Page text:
Q I have seen an amazing number of spiders this year. Can it be related to the weather? Or are we missing something important in our control programs around structures?
A I agree this year has been a banner year for spiders. In some ways it may be related to the weather. Last year (a relatively dry summer in the East) we had spiders but not in the numbers I have seen this year. The wet weather in the East has been a problem in a lot of ways — even the snowfall of winter has aided insect populations. Snow insulates them and many overwintering arthropods emerge from winter just fine.
The lush plant growth means more plant feeders — generally the prey of spiders. The populations of flying insects are also an indication of what the spiders have available to catch. In short there appears to be high populations of most everything except termite swarms this year.
Your control program should emphasize a crack and crevice treatment along the exterior of the structure. Pay attention to the eaves and any lights that may be used around the structure. Sweep down webs and encourage homeowners to make sure doors and windows do not have gaps that spiders or other small arthropods can use to gain access to the structure. You may forget that light from windows and doors attracts night-flying insects. Web-building spiders will build their webs where insects are active.
There are products that can discourage web building. Check with your distributors about these products, but make sure sprayed surfaces will not stain. These products have been effectively used by many pest management professionals.
RARE STRUCTURAL LARVAE
Q I have found hundreds of fast-moving larvae on the walkways outside one of my accounts. What are they and what can I do about them?
A The larvae may indeed look strange because pest management professionals do not come across this insect very often. The larvae that this reader encountered and sent in to me is that of a soldier fly. These flies lay their eggs in decaying vegetation — or worse. The adult itself is rather large, has long legs and is a strong flyer.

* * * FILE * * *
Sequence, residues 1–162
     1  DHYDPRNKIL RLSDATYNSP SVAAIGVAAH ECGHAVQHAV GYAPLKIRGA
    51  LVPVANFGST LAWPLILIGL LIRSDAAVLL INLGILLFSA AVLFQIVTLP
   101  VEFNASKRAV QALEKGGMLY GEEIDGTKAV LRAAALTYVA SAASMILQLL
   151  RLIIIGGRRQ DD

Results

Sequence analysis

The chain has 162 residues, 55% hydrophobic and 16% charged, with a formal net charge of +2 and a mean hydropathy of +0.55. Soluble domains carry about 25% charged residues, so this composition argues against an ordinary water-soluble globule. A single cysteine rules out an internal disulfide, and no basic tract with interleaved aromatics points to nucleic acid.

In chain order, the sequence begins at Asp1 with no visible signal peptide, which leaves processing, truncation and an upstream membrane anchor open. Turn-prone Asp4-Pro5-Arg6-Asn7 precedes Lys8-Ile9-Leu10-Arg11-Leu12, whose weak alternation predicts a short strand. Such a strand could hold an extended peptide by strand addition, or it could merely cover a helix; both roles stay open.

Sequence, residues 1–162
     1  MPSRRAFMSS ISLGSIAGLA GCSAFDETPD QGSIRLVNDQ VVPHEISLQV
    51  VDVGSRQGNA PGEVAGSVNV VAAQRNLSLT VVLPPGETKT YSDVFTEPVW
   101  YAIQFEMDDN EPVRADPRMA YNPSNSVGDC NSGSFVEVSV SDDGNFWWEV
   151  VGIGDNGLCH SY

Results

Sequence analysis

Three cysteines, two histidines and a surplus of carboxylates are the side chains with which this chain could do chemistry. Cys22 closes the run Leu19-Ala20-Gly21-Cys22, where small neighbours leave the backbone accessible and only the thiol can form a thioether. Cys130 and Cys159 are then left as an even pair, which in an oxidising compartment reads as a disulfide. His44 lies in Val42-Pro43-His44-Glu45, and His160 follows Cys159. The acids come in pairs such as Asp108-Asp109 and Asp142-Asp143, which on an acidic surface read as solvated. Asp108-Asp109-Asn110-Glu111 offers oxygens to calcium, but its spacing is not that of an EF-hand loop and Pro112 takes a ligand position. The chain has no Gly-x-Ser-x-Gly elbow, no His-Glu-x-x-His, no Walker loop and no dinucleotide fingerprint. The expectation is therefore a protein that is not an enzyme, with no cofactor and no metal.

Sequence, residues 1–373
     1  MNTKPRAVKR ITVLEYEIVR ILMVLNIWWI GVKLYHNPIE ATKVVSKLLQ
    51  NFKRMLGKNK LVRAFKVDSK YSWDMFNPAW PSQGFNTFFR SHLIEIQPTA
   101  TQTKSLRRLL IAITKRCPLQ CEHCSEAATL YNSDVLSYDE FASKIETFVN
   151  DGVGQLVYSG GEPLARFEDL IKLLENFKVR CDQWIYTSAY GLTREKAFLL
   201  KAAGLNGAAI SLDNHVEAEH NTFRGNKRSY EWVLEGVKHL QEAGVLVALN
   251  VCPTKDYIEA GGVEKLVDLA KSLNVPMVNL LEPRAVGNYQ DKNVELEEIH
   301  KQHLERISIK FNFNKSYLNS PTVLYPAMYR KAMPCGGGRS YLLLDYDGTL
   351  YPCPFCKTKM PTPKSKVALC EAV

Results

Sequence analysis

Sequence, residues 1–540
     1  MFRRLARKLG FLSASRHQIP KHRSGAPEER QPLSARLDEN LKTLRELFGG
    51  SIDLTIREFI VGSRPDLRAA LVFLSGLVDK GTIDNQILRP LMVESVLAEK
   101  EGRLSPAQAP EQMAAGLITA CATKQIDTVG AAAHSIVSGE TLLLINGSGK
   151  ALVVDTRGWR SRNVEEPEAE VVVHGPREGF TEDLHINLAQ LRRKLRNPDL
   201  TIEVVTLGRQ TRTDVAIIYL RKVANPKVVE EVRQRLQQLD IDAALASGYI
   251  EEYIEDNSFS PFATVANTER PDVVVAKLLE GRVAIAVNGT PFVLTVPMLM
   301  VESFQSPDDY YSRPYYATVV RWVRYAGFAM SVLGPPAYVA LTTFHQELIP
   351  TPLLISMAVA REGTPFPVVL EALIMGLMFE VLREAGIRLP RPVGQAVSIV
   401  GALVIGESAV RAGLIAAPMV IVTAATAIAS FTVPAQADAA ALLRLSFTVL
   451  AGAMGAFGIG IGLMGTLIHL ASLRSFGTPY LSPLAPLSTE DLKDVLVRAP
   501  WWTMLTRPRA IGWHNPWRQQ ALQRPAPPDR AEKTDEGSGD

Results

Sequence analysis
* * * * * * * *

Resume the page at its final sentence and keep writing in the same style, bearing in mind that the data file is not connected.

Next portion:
These larvae are moving (as most do) away from their feeding area to pupate. They usually breed around moist areas. Try to find the source of the pest, maybe a wet area nearby.
This is definitely a rare pest for our industry. In all of my years of pest management experience, I only have had one of these pests show up inside a structure.
Q. Some of my customers’ homes have had problems with Indian meal moths. I have placed pheromone traps inside the house and have found that most are trapped around the fireplace. What is the reason for this?
A. Either type of fireplace — masonry or insert — can present an interesting problem with Indian meal moths. My guess would be that squirrels are contributing to this problem. Perhaps they have found a deposit for the nuts they have been harvesting and unfortunately for the homeowners, this area is a void either in or around their fireplace. I have heard several reports of this situation this year.
What can be done to solve the problem? Continued trapping with pheromones will help. If they can be found, dusting into the voids could reduce the number of Indian meal moths. If you’re dealing with an insert-type fireplace, try going into the attic and looking for signs of the moths there too. Place a trap or two in the attic and continue to monitor. You may be able to dust into voids around the fireplace from the attic.
If the fireplace is made of masonry you likely will have a problem. Squirrels have been known to harvest nuts and place them behind gutter systems. From there, the nuts get down into the walls. Don’t forget that once they are inside, these moths can infest a wide variety of products and materials. Pest management professionals should perform an inspection in the pantry areas and/or cabinets as well.
Q In a storage area in one of my accounts I have seen larvae crawling out
from under the walls. They appear to be carpet beetles of some kind. What advice can you offer as far as control of these pests?
A The larvae this reader sent in were of carpet beetles. They are the common
carpet beetle and belong to the Dermestid genera. These larvae feed on protein of all kinds from dead animals to feathers to wool. There has to be a food source in the wall for this infestation — probably dead mice if the pest management professional is also performing mouse control as most storage areas require. There also could be dead insects like cluster flies, but my money is on the dead mice.
My suggestion is to dust the void to kill the larvae. This problem will continue for some time if there are mice dying in the walls. Check other areas as the larvae also move away from the food sources and pupate. Once carpet beetles are established in the structure they show up from time to time, damaging a wide variety of products. Pest management professionals also can try pheromone traps to monitor for these pests.
The author is president of George Rambo Consulting Services, Central, S.C. Fax questions to him at 864/654-2447 or via e-mail at email@example.com.